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Collapse of the Global Economy

Collapse of the Global Economy 

Written by Alfonso Elizondo

At the time of the publication of Alvin Toffler’s famous book The Third Wave, this narrative genius was already predicting that humankind would soon change its paradigms and its way of looking at the world and at business. Toffler thought that globalization would generate mergers between companies and that corporations would operate on a global level, without those decisions being taken democratically by the leaders of the nearly two hundred nations that are members of in the UN. Toffler’s vision notwithstanding, ten years later, society is very confused in the way it handles the economy and finance and has embarked on a program of unprecedented squandering of money on luxury goods and services that has led to scarcity of basic food items, chaos in the exploitation of oil and alternative energy sources, as well as the remaining water on the Planet. There are no more atomic bombs, no missiles and shields against nuclear weapons, but we are seeing a deep, hidden dispute over global economic and financial power.

 

The traditional media no longer reports on these issues, financial advisors have stopped giving advice to the public and brokers do not offer solutions. Perhaps, some network bloggers and a few financial analysts have the courage to say that we’re living at a time close to a calamitous financial collapse of cosmic proportions. According to Alexander Higgins, who is recognized as the most reliable blogger in the United States, in recent days capital has fled European banks at a rate of 10 billion euros per week. He says citizens of Greece, Portugal and Ireland are withdrawing their savings from banks to buy gold, Swiss francs and Japanese yen.

 

All bank reserves are going down and looking for some safe place outside the euro zone as they think that currency will not last for long. There’s no denying what Obama said when he was the President of the United States: that billionaires would have to pay taxes so that the state could deal with the huge monetary and financial crisis that began from the beginning of the 21st century.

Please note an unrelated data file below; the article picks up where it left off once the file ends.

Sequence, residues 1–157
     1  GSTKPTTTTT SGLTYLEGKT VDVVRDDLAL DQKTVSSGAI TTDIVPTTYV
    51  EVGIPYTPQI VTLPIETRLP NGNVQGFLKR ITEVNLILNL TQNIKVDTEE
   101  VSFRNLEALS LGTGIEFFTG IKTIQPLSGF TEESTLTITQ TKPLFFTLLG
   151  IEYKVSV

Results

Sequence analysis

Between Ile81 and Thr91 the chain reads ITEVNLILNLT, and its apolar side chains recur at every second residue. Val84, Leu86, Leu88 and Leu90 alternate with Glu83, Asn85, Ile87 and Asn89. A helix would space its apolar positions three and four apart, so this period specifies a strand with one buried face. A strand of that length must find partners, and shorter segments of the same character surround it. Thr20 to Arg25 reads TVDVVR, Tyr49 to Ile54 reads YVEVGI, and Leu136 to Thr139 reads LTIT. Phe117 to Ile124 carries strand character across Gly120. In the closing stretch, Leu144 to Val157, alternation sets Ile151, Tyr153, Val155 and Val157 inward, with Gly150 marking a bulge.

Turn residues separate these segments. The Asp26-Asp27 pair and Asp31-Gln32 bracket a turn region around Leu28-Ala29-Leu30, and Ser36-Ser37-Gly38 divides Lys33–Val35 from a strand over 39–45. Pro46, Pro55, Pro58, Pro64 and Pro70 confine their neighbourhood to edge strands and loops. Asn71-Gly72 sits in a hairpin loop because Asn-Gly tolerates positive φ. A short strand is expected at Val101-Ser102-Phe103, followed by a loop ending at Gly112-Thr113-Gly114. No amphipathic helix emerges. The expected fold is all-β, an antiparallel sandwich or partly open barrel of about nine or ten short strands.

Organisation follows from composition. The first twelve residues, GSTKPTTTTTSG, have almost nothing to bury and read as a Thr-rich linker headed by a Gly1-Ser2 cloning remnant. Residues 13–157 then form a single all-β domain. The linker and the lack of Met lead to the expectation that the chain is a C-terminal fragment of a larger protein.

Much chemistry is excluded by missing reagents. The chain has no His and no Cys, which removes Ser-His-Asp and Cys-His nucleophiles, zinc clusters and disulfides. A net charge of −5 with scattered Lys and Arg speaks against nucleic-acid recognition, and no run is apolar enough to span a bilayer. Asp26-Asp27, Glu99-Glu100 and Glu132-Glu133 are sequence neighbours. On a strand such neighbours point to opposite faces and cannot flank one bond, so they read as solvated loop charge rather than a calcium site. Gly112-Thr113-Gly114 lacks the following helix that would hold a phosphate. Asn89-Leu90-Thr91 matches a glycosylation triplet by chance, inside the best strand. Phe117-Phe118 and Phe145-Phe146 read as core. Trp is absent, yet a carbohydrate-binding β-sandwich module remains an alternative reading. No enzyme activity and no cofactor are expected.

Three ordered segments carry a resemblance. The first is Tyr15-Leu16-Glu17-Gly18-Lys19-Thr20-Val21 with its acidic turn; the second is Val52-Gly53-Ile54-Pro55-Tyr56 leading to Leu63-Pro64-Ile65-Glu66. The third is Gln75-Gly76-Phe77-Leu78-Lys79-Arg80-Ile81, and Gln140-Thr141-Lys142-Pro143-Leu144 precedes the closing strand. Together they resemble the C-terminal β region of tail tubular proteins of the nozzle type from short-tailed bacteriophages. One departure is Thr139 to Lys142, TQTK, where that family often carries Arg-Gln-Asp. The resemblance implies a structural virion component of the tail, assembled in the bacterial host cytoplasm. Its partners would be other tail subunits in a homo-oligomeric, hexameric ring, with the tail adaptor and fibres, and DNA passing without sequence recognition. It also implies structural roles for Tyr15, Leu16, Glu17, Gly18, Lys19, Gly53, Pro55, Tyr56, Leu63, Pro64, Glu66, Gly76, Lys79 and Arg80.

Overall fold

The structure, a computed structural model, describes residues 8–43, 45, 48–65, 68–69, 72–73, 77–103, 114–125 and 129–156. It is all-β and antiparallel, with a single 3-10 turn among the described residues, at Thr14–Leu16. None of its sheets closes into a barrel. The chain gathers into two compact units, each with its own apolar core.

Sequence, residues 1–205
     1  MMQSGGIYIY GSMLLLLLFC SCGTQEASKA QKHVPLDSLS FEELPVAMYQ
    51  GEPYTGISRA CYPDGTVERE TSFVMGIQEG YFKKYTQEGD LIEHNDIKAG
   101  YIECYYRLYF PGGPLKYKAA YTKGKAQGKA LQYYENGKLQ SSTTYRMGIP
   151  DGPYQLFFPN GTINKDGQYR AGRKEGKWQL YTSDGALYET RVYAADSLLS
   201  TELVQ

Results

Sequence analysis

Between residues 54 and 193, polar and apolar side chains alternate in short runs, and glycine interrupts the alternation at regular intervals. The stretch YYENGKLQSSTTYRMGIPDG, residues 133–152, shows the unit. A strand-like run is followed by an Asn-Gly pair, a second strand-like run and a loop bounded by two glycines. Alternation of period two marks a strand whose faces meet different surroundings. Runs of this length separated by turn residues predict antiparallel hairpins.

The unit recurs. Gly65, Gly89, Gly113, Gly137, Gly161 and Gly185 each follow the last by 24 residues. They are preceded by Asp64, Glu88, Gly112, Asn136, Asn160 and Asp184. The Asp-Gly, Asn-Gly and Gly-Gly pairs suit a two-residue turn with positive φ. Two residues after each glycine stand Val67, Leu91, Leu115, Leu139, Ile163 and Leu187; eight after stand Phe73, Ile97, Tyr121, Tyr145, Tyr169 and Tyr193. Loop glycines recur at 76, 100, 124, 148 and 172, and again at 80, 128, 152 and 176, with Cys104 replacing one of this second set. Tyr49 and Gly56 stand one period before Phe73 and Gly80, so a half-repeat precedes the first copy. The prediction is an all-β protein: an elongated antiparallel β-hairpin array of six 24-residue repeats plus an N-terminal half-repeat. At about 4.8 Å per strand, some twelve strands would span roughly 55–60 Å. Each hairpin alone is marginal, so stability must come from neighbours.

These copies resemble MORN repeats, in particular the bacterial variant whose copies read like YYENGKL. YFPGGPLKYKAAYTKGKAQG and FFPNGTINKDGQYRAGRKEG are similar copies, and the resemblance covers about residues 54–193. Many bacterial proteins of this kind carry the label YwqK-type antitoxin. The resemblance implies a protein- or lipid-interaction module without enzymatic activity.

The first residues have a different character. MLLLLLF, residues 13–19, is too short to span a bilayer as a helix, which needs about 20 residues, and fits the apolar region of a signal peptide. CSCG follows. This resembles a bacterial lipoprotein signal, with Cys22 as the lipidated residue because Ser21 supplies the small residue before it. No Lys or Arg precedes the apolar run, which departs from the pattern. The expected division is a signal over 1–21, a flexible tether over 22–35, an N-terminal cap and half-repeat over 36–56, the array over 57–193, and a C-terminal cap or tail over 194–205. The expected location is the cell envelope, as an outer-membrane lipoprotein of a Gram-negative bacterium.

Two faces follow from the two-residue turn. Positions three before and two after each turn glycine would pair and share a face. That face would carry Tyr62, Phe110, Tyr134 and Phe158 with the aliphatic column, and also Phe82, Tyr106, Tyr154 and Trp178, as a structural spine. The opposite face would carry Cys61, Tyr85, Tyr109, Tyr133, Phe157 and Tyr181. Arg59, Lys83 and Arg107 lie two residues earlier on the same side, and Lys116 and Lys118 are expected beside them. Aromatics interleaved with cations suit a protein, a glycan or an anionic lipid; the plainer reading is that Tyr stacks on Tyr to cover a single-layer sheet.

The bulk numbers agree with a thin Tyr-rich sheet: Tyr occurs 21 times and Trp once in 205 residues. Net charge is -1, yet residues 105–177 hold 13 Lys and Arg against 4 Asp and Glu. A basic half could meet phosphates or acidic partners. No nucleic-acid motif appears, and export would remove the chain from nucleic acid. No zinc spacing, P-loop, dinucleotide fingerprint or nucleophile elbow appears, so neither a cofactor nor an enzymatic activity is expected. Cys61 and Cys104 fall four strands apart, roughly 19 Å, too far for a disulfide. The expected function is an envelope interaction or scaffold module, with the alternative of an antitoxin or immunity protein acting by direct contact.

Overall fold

According to Paul B. Farrell, economics expert of The Wall Street Journal, this serious global conflict began in Egypt with a Facebook page published by a young Google executive and then it went viral with Mubarak’s political regime when youth protests spread to Libya and Syria. These same populist movements are now threatening Spain, England and Germany, as well as many other countries in Europe and something similar has happened in Chile, where young students took to the streets to demand changes from their government. This is also happening in Bolivia, where indigenous people have marched against the destruction of vast areas of the rainforest due to the invasion of coca cultivation and the construction of a road that would destroy one of the planet’s most important biodiversity reserves.

 

Ferrell says that in England there is no longer the same economic security that existed before Brexit and there is a populist offensive led by gangs of the unemployed, trade unions and vandals. In Germany anti-globalization activists are calling for job opportunities and are causing major policing problems in Berlin. There is a general climate of discontent throughout the country due to the low levels of economic growth and because the government allocates large sums of money to save other European Union countries.

 

Not only in the three countries mentioned, but throughout Europe, thousands of confused youths have come out into the streets to protest against a system of contrived falsehoods, such as ‘multiculturalism’, ‘diversity’ and so-called ‘fundamental human rights’ which have created a huge army that lives on social welfare, and political leaders who do not offer solutions, but use their jobs to enrich themselves personally and have no vision or ideas. Hand in hand with the most powerful class in the current financial system, they have led the whole of Europe and the world to a chaotic point, a process that seems to be gathering momentum with the presence of Trump.

 

Production has stopped in the rural areas and cities are places of mass consumption. Pollution of the environment has exceeded all possible limits in spite of the million-dollar sums that have been invested to solve these problems. The discontent of the masses is growing and spreading throughout the world. In the Middle East, all those who are and have been their leaders, from Mubarak, Gaddafi, Assad to the Saudi caliphs, believed they were living in a billionaire’s paradise, protected by the gods who had chosen them to own and enjoy all the Earth’s great fortune. But suddenly there emerged a new generation, educated according to western standards and frustrated with not having jobs. They rebelled, claiming the share of economic benefits due to them and they sparked powerful revolutions that ousted and sometimes killed those political leaders.

 

The Bloomberg consulting firm says youth unemployment is fueling a populist youth revolution around the world, while Mathew Klein, foreign relations researcher for The New York Times, compares the 25% unemployment rate among young revolutionaries in Egypt with the 21% unemployment among young workers in the United States. Bloomberg concludes that young people around the world will be the most affected by the budget adjustments made by current governments which will raise taxes on workers and cut spending on education. Subsidies and benefits for adults will still be untouchable, as will the tax cuts for the very rich.

 

Addendum: The global financial collapse, according to the modern-day Nostradamuses who still post their ideas on the Internet, is that apparently all the rich countries of the world are on the same path to self-disintegration that began in Egypt.